“Barmore’s attempt to conceal the drug pipe would have allowed a reasonably prudent man to believe that there were other items of contraband related to illegal drug activity in the truck. Viewing the evidence in the light most favorable to the Government and considering the totality of the circumstances, we conclude that there was probable cause to conduct a warrantless search of the vehicle.” Therefore, inventory is irrelevant. United States v. Barmore, 2017 U.S. App. LEXIS 2891 (5th Cir. Feb. 20, 2017).*

Posted in Probable cause, Seizure | Comments Off

CA10: GFE saves general warrant where affidavit specific and affiant served the warrant

Where officers obtained a warrant and searched two cell phones seized at the time of defendant’s arrest, the search warrant was invalid because it did not satisfy the particularity requirement since it did not identify either of the phones that were already in police possession, nor did it specify what material law enforcement was authorized to seize. However, the good faith exception applies because the affiant adequately described the phones in the affidavit and he served the warrant, so reliance on the warrant was objectively reasonable. It was also harmless beyond a reasonable doubt. United States v. Russian, 2017 U.S. App. LEXIS 2913 (10th Cir. Feb. 21, 2017):
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Posted in Cell phones, Good faith exception, Warrant execution | Comments Off

CA8: Def had no standing in sex trafficking victim’s cell phone

Defendant sought to challenge his previously waived search issue by seeking to withdraw his guilty plea. The phone belonged to his sex trafficking victim, so he apparently doesn’t have standing. United States v. McHenry, 2017 U.S. App. LEXIS 3358 (8th Cir. Feb. 24, 2017):
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CA6: Hodari D. doesn’t distinguish between accidentally or intentionally dropping contraband; it’s still abandonment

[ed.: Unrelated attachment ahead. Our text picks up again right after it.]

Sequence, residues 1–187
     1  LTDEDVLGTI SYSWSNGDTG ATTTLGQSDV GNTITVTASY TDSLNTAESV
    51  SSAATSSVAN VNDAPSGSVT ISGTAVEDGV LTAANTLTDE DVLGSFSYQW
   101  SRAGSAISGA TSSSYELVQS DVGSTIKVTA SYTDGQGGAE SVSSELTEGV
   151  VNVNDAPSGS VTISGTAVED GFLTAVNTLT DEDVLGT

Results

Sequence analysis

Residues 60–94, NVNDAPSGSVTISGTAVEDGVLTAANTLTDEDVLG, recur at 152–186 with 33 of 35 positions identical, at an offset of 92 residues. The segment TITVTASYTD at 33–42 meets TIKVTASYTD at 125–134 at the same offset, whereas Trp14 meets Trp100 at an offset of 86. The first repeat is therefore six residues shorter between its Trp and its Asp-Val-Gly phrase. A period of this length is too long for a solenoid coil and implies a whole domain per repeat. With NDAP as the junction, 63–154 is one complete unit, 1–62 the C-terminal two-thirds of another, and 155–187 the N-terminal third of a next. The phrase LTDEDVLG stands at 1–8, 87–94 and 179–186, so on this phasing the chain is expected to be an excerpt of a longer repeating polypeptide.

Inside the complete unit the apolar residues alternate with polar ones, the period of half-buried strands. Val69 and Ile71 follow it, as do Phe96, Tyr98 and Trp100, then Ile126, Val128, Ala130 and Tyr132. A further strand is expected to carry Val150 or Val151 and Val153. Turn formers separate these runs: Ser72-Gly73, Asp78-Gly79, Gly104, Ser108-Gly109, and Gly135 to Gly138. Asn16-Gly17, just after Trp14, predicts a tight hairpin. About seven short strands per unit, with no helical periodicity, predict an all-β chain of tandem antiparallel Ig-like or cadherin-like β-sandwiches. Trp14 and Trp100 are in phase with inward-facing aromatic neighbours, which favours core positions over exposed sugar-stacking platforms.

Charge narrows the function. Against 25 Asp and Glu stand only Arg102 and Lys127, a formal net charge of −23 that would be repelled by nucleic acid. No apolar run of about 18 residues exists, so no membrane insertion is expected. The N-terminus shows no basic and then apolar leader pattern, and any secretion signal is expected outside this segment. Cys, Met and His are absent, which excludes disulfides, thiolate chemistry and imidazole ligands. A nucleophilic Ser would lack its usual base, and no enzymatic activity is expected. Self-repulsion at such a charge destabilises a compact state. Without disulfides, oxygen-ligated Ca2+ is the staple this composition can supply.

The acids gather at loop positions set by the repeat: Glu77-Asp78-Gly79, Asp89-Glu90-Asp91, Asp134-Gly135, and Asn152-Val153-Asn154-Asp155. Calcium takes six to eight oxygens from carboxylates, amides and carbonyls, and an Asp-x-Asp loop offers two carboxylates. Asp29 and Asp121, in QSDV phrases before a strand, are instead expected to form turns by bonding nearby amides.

Officers pulled up to stop defendant on the street seeing a gun in his pocket, and he fled, dropping the gun. “Defendant also argues that Hodari D. is inapplicable because he inadvertently dropped his weapon, as opposed to ‘intentionally abandoning’ it as Hodari D. did. Hodari D. makes no such distinction. Quite to the contrary, Hodari D. relied on Hester v. United States, 265 U.S. 57 (1924), which used ‘abandon[]’ to refer to both throwing away and dropping items. Id. at 58; see Hodari D., 499 U.S. at 629 (citing Hester, 265 U.S. at 58). Moreover, this court has previously applied Hodari D. to unintentionally relinquished contraband.” United States v. Phillips, 2017 U.S. App. LEXIS 3391 (6th Cir. Feb. 22, 2017).

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OH10: Bare bones findings didn’t support finding search was valid; remanded

The trial court’s bare bones findings were insufficient to support the conclusion that the search was valid. Remanded. State v. Edwards, 2016-Ohio-4771, 2016 Ohio App. LEXIS 5413 (10th Dist. June 30, 2016).

Not challenging the Playpen warrant in this case was not ineffective assistance of counsel. United States v. Wheeler, 2016 U.S. Dist. LEXIS 184120 (N.D. Ga. June 23, 2016).*

Another Playpen warrant sustained. United States v. Tippens, 2016 U.S. Dist. LEXIS 184174 (W.D. Wash. Nov. 30, 2016);* United States v. Perdue, 2017 U.S. Dist. LEXIS 23098 (N.D. Tex. Feb. 17, 2017).*

Posted in Standards of review | Comments Off

DC: Def was stopped, name run, then his cigarette pack requested; not consensual

Officer’s stop of defendant, running his name for warrants, and then requesting his cigarette box was coercive and not consensual. Jones v. United States, 2017 D.C. App. LEXIS 17 (Feb. 23, 2017)*: